Scholar, literary critic and best-selling writer Stephen Greenblatt is the author of The Swerve: How the World Became Modern. It examines the ancient Roman document that inspired the Renaissance. As one of the founders of New Historicism and one of the most important scholars of our age, Greenblatt is also the author of, among other works, Will in the World: How Shakespeare Became Shakespeare.
Then, the 1980s conjure happy nostalgia for some, while others remember it as a low point in American history. For the good and the bad, author David Sirota claims that the decade of Ronald Reagan and Bill Cosby has an outsized influence on our national perspective today. His book is titled Back to Our Future: How the 1980s Explain the World We Live in Now – Our Culture, Our Politics, Our Everything.
Bob talks with David Anderegg about his book titled Nerds: Who They Are and Why We Need More of Them. Anderegg is a clinical child psychologist and explores the stereotyping of nerds and how it affects everyone at an early age.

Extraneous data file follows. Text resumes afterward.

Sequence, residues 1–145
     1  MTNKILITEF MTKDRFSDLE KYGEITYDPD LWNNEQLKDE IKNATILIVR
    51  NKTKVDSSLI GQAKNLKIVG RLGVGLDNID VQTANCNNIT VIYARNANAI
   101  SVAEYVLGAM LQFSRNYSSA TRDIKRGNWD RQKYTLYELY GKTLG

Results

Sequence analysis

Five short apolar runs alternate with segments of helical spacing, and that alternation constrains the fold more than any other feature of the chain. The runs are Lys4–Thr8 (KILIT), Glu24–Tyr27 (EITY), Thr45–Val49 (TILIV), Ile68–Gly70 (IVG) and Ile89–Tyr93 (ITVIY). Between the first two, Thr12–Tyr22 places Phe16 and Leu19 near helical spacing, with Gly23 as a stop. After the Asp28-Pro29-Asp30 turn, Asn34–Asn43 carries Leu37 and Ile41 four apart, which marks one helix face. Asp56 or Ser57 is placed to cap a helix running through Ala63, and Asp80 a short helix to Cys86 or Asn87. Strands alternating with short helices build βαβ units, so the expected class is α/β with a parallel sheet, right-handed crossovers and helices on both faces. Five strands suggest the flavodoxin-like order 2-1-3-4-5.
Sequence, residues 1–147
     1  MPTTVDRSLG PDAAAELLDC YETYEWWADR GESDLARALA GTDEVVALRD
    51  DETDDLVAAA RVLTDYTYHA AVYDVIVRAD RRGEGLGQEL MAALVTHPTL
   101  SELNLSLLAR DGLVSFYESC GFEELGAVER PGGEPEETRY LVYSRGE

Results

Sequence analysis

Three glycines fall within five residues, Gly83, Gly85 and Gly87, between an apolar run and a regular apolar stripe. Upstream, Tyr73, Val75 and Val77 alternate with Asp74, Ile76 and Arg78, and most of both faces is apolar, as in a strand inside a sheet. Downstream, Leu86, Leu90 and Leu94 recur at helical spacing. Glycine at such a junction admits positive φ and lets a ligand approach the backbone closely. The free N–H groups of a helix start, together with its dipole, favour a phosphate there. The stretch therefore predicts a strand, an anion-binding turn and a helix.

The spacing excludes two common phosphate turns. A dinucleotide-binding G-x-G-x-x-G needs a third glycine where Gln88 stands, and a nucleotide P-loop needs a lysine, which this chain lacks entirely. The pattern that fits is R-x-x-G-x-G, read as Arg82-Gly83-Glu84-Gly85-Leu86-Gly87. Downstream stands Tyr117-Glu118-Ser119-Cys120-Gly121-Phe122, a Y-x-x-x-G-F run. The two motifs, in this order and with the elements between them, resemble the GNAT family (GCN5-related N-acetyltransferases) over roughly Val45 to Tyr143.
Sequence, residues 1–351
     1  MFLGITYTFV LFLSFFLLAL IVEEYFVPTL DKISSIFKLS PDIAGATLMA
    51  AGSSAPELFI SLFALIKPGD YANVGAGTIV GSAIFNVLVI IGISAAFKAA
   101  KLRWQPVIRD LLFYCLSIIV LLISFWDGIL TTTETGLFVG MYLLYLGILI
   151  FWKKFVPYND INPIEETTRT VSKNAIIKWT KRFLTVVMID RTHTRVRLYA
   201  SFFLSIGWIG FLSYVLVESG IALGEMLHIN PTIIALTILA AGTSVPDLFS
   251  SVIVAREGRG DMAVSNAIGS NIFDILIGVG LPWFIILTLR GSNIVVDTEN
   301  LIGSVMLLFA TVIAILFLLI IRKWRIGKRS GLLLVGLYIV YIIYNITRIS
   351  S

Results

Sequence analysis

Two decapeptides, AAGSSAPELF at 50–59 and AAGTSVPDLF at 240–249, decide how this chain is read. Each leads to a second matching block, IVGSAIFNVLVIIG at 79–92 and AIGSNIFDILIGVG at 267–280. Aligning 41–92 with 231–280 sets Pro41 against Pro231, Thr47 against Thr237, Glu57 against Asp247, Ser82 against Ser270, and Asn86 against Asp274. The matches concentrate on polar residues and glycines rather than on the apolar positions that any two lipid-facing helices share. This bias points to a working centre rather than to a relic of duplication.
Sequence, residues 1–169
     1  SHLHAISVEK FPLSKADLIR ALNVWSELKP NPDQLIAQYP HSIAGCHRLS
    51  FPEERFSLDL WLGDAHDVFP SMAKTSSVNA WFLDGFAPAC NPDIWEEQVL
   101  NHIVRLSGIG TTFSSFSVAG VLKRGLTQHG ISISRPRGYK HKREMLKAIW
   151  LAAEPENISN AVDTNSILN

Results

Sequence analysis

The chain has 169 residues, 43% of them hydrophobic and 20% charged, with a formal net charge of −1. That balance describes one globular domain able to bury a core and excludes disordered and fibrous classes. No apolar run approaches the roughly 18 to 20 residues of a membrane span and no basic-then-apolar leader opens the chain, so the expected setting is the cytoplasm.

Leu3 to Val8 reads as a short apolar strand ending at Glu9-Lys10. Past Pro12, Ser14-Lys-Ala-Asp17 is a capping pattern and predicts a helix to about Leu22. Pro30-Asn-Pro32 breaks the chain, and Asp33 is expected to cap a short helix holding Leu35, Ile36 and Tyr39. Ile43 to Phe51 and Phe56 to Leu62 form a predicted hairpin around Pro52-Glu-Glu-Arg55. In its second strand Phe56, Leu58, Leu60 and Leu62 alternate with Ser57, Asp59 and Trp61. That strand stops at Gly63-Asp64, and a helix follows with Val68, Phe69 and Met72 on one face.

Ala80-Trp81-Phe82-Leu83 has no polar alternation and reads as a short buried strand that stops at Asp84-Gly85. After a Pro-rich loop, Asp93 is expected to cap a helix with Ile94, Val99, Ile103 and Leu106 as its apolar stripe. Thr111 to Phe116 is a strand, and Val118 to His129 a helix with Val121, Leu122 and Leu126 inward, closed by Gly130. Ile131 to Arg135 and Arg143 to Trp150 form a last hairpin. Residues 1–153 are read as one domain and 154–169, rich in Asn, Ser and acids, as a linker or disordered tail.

Then, Science magazine writer Sam Kean turned his life-long fascination with the periodic table into a best-selling book titled The Disappearing Spoon and Other True Tales of Madness, Love, and the History of the World from the Periodic Table of the Elements. Kean’s book recounts tales about the list of elements that range from the educational to the down-right weird.